New Diagnostics in Corneal Ectatic Disease

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Keratoconus was first described in detail in 1854 as a chronic, noninflammatory ectasia of the cornea.1 Although it is the most common primary ectasia, keratoconus is relatively rare with a reported annual incidence of around 2 per 100,000 and prevalence of 54.5 per 100,000, though rates vary geographically.2–4 Keratoconus is characterized by corneal steepening, visual distortion, apical corneal thinning, and central corneal scarring. The corneal thinning induces irregular astigmatism and myopia, leading to mild or marked visual impairment.1 The disease is typically bilateral, although only 1 eye may be affected at the onset, and it can be highly asymmetric.5,6 Early in the disease, and in subclinical or forme fruste keratoconus, there may be minimal or no symptoms, whereas in advanced disease there can be profound visual loss.
The detection of subclinical or forme fruste keratoconus is one of the most important steps in the preoperative evaluation of a refractive surgery candidate. Postoperative iatrogenic keratectasia is a rare but dreaded complication following excimer laser corneal refractive surgery. It most commonly occurs after laser in situ keratomileusis (LASIK), but has been reported following photorefractive keratectomy and small incision lenticule extraction as well.7–9 It typically occurs after surgery in eyes with undetected forme fruste keratoconus or, much less frequently, pellucid marginal degeneration. Other risk factors include preoperative topographic abnormalities, low postoperative residual stromal bed thickness, younger patient age, low central corneal thickness, and percent tissue altered (PTA).6 Postoperative keratectasia induces similar clinical features to those seen in keratoconus, and can be equally, if not more debilitating.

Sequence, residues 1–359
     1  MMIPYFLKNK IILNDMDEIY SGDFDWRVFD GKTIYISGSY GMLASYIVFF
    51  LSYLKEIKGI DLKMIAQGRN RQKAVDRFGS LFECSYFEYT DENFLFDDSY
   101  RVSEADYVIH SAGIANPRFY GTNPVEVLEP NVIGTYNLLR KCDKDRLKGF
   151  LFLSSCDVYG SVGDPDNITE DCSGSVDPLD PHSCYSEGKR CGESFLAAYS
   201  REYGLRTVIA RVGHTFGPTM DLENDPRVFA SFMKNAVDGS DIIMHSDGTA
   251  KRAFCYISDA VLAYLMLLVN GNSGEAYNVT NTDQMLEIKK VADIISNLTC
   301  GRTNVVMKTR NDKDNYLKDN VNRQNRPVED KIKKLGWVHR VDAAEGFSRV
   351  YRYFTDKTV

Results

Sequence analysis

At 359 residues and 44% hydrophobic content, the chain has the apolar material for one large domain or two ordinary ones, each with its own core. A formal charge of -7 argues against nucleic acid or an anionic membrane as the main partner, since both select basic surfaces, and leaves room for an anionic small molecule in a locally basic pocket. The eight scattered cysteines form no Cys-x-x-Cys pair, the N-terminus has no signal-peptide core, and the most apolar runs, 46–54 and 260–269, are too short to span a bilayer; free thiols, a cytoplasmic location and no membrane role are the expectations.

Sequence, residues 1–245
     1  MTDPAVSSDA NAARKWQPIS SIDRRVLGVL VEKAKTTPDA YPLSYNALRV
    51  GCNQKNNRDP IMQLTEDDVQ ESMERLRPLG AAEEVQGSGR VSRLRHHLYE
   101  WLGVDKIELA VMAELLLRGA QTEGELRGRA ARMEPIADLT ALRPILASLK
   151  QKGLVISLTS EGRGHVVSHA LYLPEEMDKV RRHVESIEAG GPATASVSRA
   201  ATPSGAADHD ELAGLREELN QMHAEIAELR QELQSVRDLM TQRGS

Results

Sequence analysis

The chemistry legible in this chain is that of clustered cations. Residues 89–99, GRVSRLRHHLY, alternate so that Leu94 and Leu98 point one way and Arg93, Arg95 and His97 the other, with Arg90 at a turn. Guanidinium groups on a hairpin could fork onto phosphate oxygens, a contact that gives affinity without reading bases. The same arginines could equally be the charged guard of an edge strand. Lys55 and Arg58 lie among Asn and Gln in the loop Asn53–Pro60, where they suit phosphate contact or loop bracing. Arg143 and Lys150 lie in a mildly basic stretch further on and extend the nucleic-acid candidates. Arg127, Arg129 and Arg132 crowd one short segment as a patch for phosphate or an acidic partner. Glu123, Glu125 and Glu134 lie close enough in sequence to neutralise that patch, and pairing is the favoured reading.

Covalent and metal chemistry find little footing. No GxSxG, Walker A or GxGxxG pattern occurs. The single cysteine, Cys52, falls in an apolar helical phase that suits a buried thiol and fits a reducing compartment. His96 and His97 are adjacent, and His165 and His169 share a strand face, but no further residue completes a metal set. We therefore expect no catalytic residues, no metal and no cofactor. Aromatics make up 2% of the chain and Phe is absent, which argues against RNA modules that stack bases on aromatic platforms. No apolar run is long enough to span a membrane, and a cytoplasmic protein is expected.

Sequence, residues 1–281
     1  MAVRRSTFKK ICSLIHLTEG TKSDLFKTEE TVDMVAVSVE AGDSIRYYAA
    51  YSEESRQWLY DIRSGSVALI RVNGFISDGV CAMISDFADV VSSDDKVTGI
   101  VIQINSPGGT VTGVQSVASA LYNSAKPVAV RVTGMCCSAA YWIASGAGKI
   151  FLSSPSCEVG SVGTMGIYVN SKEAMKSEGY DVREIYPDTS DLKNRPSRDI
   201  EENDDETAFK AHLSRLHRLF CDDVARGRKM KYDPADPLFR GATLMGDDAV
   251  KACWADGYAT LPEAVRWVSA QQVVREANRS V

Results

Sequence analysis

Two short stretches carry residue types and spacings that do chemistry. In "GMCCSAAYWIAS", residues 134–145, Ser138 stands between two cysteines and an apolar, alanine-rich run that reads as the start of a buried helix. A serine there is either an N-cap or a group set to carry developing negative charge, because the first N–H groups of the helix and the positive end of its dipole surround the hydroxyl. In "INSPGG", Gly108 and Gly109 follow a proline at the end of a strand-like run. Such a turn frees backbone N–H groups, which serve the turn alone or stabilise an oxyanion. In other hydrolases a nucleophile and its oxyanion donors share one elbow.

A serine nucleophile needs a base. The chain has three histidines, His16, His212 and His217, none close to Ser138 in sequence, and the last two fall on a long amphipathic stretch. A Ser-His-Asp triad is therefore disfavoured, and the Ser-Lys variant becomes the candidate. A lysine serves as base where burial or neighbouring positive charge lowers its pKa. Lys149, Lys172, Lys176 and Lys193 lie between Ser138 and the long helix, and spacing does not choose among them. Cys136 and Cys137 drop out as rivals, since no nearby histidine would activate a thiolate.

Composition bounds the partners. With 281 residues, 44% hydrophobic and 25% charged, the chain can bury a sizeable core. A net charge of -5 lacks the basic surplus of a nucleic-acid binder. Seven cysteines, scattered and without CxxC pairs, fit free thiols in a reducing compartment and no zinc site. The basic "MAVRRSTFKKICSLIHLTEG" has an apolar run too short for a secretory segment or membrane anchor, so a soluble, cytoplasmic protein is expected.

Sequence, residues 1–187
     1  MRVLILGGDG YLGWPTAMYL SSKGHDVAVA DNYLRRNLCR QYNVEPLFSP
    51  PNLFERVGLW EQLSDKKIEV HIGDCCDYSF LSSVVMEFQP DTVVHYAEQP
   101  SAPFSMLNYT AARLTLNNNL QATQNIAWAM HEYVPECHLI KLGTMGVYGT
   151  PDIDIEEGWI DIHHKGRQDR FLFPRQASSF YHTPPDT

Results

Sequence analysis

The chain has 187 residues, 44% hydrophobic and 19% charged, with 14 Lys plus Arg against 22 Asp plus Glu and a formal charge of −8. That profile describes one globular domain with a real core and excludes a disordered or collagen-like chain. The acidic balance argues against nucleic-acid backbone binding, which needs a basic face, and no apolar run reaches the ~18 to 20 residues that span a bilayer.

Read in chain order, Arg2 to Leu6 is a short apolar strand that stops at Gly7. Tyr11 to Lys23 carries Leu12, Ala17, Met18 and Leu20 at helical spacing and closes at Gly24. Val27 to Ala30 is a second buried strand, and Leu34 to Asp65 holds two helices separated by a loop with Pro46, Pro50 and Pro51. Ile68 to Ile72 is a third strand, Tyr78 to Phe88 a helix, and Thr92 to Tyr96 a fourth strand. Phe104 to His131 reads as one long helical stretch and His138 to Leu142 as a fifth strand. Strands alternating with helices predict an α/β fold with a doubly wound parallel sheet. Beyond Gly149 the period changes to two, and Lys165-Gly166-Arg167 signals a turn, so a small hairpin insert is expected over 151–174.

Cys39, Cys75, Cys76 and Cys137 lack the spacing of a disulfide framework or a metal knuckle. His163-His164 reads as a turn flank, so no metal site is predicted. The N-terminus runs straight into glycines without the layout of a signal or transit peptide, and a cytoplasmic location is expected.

A major challenge for any corneal or refractive surgeon is the detection of keratoconus at its earliest stages. Many studies have been performed and screening tools have been developed to help clinicians more accurately identify the earliest forms of this disease in hopes of preventing or lessening the risk of postoperative keratectasia.9,10 However, a major limitation of many of these studies is that they are designed to diagnosis frank keratoconus, rather than screen for forme fruste disease. In addition, different definitions of forme fruste keratoconus exist in the literature and there is no real consensus on which is best, creating further challenges when screening these patients.
Placido topography, scanning-slit tomography, Scheimpflug tomography, optical coherence tomography (OCT), and direct biomechanical testing have been utilized, alone or in combination, in an attempt to identify patients at risk for postoperative ectasia. However, no system is able to detect all cases and predict unequivocally the risk of developing keratectasia after LASIK. Combining data from newer technologies may aid in identifying patients at risk of developing postoperative ectasia.
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